They were struck with awe and horror as they finally returned home to find nothing that appeared salvageable from the ashes. “We were amazed, totally shocked,” Kenneth said.

It was all gone,
and they were left with only the memories.

Beauty
from Ashes

Kenneth's whole demeanor was downcast, weighed down with decades of lost collectibles and the knowledge that nothing would ever be the same. He stood staring at the ashes, propped up by a wooden cane.

The couple knew that they couldn’t physically or emotionally endure the burden of scouring the ashes for any surviving memories. That’s when they turned to the willing and able hands of a dozen Samaritan’s Purse volunteers.

An abundance of orange shirts greeted Kenneth and Georgina, ready to comb through what remained of their home to salvage any personal belongings that survived the flames. Team lead Marie Chichester from Huntington Beach, California began the day in prayer and asked the couple which areas of their home would have contained the items they treasured most.

More than a dozen volunteers donned their personal protective equipment— including a Tyvek suit and an N95 mask— and began searching for those tangible memories.

They're not going to find anything.
There's nothing to save.

“They're not going to find anything,” Kenneth said as he gazed at where his home once stood. “There's nothing to save.”

But, within minutes, a volunteer discovered a long piece of metal, gently curved at the end from intense heat. As he presented it to Kenneth, he began to weep — immediately recognizing it as a British Army sword from 1880, one of his most precious belongings that reminded him of his time in the service and his son's current role as a colonel.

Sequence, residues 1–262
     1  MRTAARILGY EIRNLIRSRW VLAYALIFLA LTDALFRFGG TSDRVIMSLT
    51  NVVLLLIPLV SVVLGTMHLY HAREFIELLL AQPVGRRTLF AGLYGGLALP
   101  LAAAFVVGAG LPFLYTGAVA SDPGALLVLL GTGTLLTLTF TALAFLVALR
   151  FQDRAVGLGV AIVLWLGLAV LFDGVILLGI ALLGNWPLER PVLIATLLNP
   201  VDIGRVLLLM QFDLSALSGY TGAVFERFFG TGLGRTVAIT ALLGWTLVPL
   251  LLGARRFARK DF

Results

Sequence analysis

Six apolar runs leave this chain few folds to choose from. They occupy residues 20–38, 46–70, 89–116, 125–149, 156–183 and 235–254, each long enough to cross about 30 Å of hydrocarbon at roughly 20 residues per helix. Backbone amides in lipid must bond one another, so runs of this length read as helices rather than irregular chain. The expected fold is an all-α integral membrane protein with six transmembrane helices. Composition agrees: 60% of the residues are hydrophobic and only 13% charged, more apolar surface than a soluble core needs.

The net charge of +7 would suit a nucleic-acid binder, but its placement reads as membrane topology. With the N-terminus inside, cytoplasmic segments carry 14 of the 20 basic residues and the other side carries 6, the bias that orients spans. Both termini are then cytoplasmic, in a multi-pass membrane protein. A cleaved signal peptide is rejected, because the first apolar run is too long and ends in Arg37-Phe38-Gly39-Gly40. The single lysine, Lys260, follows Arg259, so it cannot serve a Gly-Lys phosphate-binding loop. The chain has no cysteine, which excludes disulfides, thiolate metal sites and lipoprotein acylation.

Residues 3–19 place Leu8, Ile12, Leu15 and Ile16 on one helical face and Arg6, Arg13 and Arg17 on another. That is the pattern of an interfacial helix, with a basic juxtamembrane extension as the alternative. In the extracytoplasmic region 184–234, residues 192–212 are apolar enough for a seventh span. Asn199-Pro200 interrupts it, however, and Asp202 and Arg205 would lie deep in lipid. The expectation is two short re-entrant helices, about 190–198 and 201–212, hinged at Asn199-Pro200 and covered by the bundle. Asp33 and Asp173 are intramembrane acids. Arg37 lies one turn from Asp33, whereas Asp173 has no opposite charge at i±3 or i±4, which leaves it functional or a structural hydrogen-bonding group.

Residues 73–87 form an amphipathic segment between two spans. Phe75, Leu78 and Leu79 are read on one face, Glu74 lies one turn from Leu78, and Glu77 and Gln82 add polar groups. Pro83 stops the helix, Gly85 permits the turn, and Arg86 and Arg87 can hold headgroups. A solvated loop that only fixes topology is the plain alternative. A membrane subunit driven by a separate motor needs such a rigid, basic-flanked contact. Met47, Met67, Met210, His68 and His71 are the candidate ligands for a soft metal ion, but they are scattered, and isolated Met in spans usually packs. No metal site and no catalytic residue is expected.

00:00

His countenance began to change from one of sadness, to one filled with hope. Samaritan's Purse volunteers continued to recover bins full of priceless belongings from the ashes and present them to Kenneth and Georgina. They salvaged infantry badges, Kenneth's camera and coin collections, ceramics handcrafted by their son, and Georgina's engagement ring. With each finding, Kenneth would chuckle and break into a huge smile.

I think it's been a very warming situation; everyone's been very kind. We felt more desolate when it was just us two, looking at it thinking ‘oh my God, this is awful.’ But somehow having a group of people working with you, they took the edge out of it all.
Georgina Burgess

“We found at least 200 metal badges and infantry things from England,” said Marie. “He could tell us the story for every single one of them he collected and we actually found some pretty valuable jewelry for his wife. You could tell they didn't care about the value; it was always the story.”

As the day went on, nearly every single volunteer took a turn sitting next to Kenneth and Georgina to hear the stories associated with each found item. The couple laughed and chatted with the team as they included them in their personal memories. “They blessed me in the way they received things we found. I'm being more blessed than we are blessing these people,” Marie said.